Mar 29, 2015

Snap-Together Bracelet is a Snap (almost)

The Bracelet - a view all around.
After much experimentation with #3DPrinting snap-together parts, I've landed on a design that is almost reliable and almost meeting my criteria for a success in this area.

There are 3 criteria I had:

1 - Easy to print (reliable, minimal likelihood of printing issues due to the design)
2 - Easy to connect the parts together
3 - Hard to come-apart (or at least hard enough that connected parts don't fall apart unexpectedly)

These are hard criteria to balance, but the design I came up with has so far proven to be adequate for at least a simple application - the bracelet.

I started by printing a Pi Bracelet - wearing it a few days (even though one of my best friends didn't approve) and proved to myself that it would not fall off when I didn't want it to. Then I went into the real test - kids' bracelets. I created a full alphabet and a few special emoji-parts and created the name bracelet pictured here for my daughter. More challenging still, was that I reduced the scale to 80% to make it more appropriate for her 8-yr old wrist. The design held up - although the brim material definitely makes the links very stiff at first. A little flexing on each joint and the bracelet was flexible enough to wear.

Still on the print bed. Notice the smiley link is "shadowed",
meaning it got shifted during printing.
This design - 9 links, took 67 minutes to print at a layer height of 0.15mm.
Notice in the picture while the links were still on the printer bed - the smiley emoticon got messed up during printing. Luckily I found a way to salvage the rest of that print job (fodder for another post for sure - adding to my little box of fails) - and simply reprinted just that one link (which took 6 minutes).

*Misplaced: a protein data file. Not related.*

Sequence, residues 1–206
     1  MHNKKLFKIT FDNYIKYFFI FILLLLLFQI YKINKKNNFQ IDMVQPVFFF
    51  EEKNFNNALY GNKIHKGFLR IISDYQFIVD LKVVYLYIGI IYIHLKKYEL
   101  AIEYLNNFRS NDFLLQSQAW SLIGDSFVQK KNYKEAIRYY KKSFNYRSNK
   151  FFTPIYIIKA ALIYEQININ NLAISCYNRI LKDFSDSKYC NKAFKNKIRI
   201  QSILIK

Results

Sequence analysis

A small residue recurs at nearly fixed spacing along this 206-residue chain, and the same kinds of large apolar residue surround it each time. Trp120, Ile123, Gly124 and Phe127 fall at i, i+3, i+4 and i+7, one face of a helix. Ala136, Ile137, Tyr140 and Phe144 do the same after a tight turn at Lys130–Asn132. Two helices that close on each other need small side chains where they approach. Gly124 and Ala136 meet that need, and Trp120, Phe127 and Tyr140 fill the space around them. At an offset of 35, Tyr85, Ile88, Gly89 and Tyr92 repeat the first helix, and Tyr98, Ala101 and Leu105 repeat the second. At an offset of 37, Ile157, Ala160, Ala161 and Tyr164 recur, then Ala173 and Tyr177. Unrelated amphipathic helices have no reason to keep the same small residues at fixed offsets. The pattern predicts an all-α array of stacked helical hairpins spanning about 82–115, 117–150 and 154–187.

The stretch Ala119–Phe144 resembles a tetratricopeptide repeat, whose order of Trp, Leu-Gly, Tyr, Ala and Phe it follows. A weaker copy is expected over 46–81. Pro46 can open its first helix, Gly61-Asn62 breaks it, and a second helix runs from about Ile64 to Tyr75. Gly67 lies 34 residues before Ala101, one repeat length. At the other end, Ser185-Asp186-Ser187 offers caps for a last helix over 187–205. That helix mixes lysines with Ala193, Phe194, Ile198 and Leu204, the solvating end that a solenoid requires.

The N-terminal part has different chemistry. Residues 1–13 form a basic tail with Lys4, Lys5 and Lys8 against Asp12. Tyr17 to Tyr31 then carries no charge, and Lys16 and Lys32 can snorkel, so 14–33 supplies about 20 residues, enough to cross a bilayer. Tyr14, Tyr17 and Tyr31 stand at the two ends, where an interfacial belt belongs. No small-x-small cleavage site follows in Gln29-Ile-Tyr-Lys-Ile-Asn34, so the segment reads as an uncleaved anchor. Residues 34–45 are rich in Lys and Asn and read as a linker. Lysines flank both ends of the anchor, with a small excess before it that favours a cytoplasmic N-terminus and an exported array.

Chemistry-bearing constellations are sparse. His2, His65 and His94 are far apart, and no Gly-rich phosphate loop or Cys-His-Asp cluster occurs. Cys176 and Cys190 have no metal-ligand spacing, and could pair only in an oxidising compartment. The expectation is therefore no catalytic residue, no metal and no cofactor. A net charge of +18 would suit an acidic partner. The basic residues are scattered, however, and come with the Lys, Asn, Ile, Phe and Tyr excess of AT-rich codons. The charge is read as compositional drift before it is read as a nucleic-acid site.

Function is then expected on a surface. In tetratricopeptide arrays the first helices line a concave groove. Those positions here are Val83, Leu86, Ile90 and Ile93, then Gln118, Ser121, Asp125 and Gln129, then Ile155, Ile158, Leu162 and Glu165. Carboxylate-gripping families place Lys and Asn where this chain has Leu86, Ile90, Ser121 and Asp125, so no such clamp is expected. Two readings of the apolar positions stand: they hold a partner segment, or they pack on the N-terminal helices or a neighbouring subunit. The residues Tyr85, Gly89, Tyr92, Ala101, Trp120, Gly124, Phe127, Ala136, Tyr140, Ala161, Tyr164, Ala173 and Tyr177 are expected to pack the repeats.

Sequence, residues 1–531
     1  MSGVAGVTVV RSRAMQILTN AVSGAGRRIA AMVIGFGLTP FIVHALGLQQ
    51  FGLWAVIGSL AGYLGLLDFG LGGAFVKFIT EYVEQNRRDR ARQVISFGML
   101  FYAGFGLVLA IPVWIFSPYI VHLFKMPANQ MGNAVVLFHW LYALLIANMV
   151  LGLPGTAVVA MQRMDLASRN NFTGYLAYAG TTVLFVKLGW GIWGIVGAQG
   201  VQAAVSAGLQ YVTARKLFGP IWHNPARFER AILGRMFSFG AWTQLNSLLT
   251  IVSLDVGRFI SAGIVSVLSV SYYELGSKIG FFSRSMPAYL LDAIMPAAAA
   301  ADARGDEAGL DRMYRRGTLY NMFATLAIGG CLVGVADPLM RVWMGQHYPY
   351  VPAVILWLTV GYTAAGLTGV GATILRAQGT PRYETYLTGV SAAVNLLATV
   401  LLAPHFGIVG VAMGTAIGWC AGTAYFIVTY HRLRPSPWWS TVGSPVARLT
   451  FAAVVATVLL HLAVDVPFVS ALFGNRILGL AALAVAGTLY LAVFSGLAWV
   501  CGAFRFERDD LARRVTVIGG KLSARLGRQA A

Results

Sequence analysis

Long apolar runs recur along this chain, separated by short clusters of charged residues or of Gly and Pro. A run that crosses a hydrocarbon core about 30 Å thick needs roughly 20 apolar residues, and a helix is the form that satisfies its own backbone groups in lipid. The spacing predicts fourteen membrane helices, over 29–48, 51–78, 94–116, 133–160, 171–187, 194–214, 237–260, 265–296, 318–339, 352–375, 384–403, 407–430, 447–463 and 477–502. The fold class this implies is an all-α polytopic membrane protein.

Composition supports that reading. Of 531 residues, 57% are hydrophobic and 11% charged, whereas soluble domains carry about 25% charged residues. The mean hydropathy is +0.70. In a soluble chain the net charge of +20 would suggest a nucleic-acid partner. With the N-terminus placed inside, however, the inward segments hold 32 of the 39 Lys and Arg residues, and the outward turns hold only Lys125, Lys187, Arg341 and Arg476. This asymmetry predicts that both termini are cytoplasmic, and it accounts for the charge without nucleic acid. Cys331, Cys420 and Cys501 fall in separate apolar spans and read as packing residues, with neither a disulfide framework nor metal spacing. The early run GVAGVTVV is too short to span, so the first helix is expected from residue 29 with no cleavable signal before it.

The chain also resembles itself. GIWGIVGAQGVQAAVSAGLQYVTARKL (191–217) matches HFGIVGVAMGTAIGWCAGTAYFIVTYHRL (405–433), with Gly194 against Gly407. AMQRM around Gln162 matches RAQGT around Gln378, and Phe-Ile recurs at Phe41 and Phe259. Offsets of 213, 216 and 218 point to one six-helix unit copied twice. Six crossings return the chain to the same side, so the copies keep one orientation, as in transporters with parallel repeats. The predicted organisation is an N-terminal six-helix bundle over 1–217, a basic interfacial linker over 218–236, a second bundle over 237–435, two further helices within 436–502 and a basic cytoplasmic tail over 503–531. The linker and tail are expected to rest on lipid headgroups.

COMING SOON - I'll write a post about the link design, as i think it's useful and could be improved by others... and I'll post the alphabet of links so people can print their own bracelets!

Here's the model of the bracelet links. You can see the link design.

Mar 22, 2015

My Box of #Fails is a Box of Learning

Right next to my 3D Printer is a small box partially filled with a bunch of my failed prints. Most are partial objects with globs of plastic or streams of spaghetti-looking plastic hanging off. Each one is special. Each one an example of something gone wrong and a reminder of a lesson in how to correct it.

Whenever my kids come to print something or bring their friends by to see the printer, the first thing they see is my box of fails. It intrigues them, and they invariably ask what happened with each one. They also get a good chuckle from the silliness of how each one looks. But the most important part is how they see my pride in my failures, and hear how each one of my fails is a lesson - a step toward success.

Keep your #Fails close by. Share them. Smile when you see them, even if they frustrated you when they happened.